Oswald Chambers and Bonnie and Clyde are rarely mentioned in the same sentence...this is the exception.
Chambers was so good. Here's a piece of yesterday's entry from his book "My Utmost for His Highest," one of 20-plus books put together by his wife from his notes after his death. Chambers never lets you off the hook...The book's online.
"You must constantly beware of anything that causes you to think of yourself as a superior person...There is no escaping the penetrating search of my life by Jesus. If I see the little speck in your eye, it means that I have a plank of timber in my own (see Matthew 7:3-5 ). Every wrong thing that I see in you, God finds in me. Every time I judge, I condemn myself (see Romans 2:17-24 ). Stop having a measuring stick for other people. There is always at least one more fact, which we know nothing about, in every person’s situation. The first thing God does is to give us a thorough spiritual cleaning. After that, there is no possibility of pride remaining in us. I have never met a person I could despair of, or lose all hope for, after discerning what lies in me apart from the grace of God."
A technical deal kept the Sunday Times column (June 14) from posting; here it is for those who've asked.
THE REAL GOOD GUYS OWN THE GRILL
GIBSLAND -- Charlie brought us our plate lunches in downtown Gibsland, sat them on the café table and pointed outside.
“Saw Bonnie and Clyde get shot to death there last week,” he said, pointing through the plate glass toward Main Street. “Shot ’em four different times in one afternoon.”
That had been the May Saturday marking the 75th anniversary of the ambush and elimination of the nationally famous bank robbers by a half-dozen lawmen hidden in the woods along Highway 154 on May 23, 1934. The real-life, real-death ambush happened eight miles south of town. But you can’t move the annual Bonnie and Clyde Festival eight miles south of town.
So Bonnie and Clyde were killed four different times, just as they are every year, after a staged bank robbery downtown. There is also an annual re-created ambush that takes place at the actual spot, but it’s a one-shot deal, so to speak. Not everybody wants to drive out there, and it’s a good thing because the town triples in size, from 1,200 to about 3,000, during the festival.
Charlie Andrews and his wife Marsha have seen the famous outlaw lovers killed more than three dozen times since they began running the Gibsland Grill 10 years ago. Marsha is a hometown girl – the 1963 girl’s Louisiana state championship basketball trophy she helped win is in the grill’s banquet room – and Charlie, a Shreveporter, is a Gibsland transplant because of his long marriage to Marsha. Shreveporter’s will remember Charlie from his parents’ store, Andrews Grocery, in Caddo Heights back in the ’50s.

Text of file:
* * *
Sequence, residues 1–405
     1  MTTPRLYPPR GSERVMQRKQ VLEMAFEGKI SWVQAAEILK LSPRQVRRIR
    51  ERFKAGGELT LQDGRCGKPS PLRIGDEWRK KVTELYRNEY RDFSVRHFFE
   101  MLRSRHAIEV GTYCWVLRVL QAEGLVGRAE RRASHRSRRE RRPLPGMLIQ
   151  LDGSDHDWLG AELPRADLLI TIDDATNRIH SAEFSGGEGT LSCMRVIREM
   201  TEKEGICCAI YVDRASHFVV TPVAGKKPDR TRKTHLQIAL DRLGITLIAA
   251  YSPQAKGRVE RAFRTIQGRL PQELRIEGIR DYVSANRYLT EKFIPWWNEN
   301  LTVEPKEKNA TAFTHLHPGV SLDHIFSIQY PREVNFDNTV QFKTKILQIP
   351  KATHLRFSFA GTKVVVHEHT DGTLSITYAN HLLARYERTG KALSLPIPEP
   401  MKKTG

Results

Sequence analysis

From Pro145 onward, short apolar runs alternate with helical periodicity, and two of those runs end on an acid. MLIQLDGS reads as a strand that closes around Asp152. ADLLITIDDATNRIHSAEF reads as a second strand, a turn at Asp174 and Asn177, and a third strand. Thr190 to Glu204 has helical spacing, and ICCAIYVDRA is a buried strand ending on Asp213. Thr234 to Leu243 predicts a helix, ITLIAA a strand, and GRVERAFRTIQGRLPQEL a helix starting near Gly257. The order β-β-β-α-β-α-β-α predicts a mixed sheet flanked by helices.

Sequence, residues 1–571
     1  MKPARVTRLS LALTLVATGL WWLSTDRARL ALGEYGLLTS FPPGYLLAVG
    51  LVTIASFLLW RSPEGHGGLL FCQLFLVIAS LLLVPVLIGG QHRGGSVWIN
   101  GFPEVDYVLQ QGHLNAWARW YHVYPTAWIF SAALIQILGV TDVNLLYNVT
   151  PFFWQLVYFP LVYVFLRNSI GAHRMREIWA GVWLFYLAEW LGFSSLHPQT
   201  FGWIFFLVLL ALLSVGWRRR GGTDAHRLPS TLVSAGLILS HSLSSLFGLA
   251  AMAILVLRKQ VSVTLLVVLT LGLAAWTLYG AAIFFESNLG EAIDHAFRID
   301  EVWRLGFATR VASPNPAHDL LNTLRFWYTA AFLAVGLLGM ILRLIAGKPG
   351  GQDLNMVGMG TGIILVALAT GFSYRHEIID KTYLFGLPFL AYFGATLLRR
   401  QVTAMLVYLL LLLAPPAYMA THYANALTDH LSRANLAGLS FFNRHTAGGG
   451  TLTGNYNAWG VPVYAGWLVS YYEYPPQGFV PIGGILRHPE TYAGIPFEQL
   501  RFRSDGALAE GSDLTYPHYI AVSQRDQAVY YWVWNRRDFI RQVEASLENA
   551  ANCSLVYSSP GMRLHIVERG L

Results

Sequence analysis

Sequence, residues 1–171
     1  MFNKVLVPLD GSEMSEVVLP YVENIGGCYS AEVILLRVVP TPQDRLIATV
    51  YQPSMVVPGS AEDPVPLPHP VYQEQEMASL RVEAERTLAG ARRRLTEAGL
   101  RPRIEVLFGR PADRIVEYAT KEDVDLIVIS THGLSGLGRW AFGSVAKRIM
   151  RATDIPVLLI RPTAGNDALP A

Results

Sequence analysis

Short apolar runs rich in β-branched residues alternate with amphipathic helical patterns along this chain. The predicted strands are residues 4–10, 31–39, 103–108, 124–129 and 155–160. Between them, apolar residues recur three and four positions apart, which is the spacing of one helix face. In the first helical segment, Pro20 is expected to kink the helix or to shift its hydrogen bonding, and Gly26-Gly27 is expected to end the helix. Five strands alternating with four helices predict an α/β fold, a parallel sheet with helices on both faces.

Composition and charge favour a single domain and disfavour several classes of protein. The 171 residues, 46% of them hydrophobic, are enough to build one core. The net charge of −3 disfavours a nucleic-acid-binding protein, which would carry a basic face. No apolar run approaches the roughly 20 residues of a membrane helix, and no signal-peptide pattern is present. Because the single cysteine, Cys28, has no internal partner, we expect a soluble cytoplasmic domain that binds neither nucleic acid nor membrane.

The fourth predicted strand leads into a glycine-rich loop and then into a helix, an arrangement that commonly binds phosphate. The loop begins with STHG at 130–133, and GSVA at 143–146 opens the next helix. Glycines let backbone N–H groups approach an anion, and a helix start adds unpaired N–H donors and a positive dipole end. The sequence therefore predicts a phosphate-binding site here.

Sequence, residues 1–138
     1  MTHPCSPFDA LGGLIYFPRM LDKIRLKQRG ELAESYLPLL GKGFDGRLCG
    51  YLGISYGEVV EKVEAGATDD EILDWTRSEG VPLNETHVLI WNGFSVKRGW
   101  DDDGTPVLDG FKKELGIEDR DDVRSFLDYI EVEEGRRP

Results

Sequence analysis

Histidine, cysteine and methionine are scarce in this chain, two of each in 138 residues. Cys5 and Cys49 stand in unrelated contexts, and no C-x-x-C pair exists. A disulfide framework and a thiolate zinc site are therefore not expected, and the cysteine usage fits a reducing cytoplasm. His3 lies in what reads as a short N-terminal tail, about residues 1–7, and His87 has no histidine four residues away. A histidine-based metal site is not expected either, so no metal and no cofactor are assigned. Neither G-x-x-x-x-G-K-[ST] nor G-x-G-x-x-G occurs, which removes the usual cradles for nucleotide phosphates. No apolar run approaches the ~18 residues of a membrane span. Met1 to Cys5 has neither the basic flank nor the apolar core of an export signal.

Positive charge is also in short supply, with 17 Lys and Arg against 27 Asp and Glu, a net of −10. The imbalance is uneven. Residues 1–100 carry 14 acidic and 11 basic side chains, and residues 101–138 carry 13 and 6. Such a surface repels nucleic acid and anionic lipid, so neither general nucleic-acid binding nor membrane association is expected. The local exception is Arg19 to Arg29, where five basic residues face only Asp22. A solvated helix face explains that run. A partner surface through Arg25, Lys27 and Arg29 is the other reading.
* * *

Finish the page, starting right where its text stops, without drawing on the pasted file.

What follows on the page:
Today his bread and butter – and yours – is the Gibsland Grill. You’ve got to love Charlie and Marsha and the Gibsland Grill. I had the dead fried chicken, corn and rice casserole and double green beans and my friend J.D., a regular and a childhood friend of Charlie’s, had the same thing except he got fried okra instead of double green beans. I got chocolate sheet cake for dessert. J.D. eats sweets only on weekends; J.D. is not a very smart man.
You can grab one of the books off the shelves and leave one for others in the two stacks of paperbacks and old hardbacks that make up the Gibsland Grill’s loaning library. But you’re not going to want to read while you’re there, not if Charlie has time to sit and talk a minute or if the nice retirement-aged guys at the next table want to talk to you about Carolina or their families or how business is going. Or, since the subject never gets old, Bonnie and Clyde.
I didn’t know until Charlie told us, but these re-creators, the people who posed as Bonnie and Clyde and the law and all, go around from town to town doing this. They bring the period cars, weapons, clothing. “They might be Dillinger in Chicago next week,” Charlie said.
I actually saw these people back on May 23, having cruised out to the death site myself that day and, on the way back, passed the party. And they really did look authentic, except just much more alive.
Charlie and Marsha also fed historians and Bonnie and Clyde buffs that day in the banquet room. “183 of ’em,” Charlie said. “These are the people that have the Bonnie and Clyde shrines in their bedrooms, candles and all that.”
Some of the Parker family was there; (that would be Bonnie’s side.) A book came out this year, Charlie said, that insinuated Bonnie’s clothes might have been a little too chic, a little too good for a girl on a waitress’ salary, that maybe she was doing something besides robbing banks to get it. That didn’t settle well with the Parkers present; the book’s author must have known something because the author didn’t show for the festival.
“You can call her a bank robber or even a murderer,” Charlie said, “but I got the feeling that the one thing you don’t call her is a ‘bad girl.’”
CNN was there. And FOX and NBC and CBS and “I think,” Charlie said, “just about everybody but Ladies Home Journal.”
But Bonnie and Clyde weren’t. I wonder, when they left Gibsland that long-ago May day, what their hurry was. Gibsland would have been a good place to just hang around in for a while. Especially if fried chicken were on the plate lunch.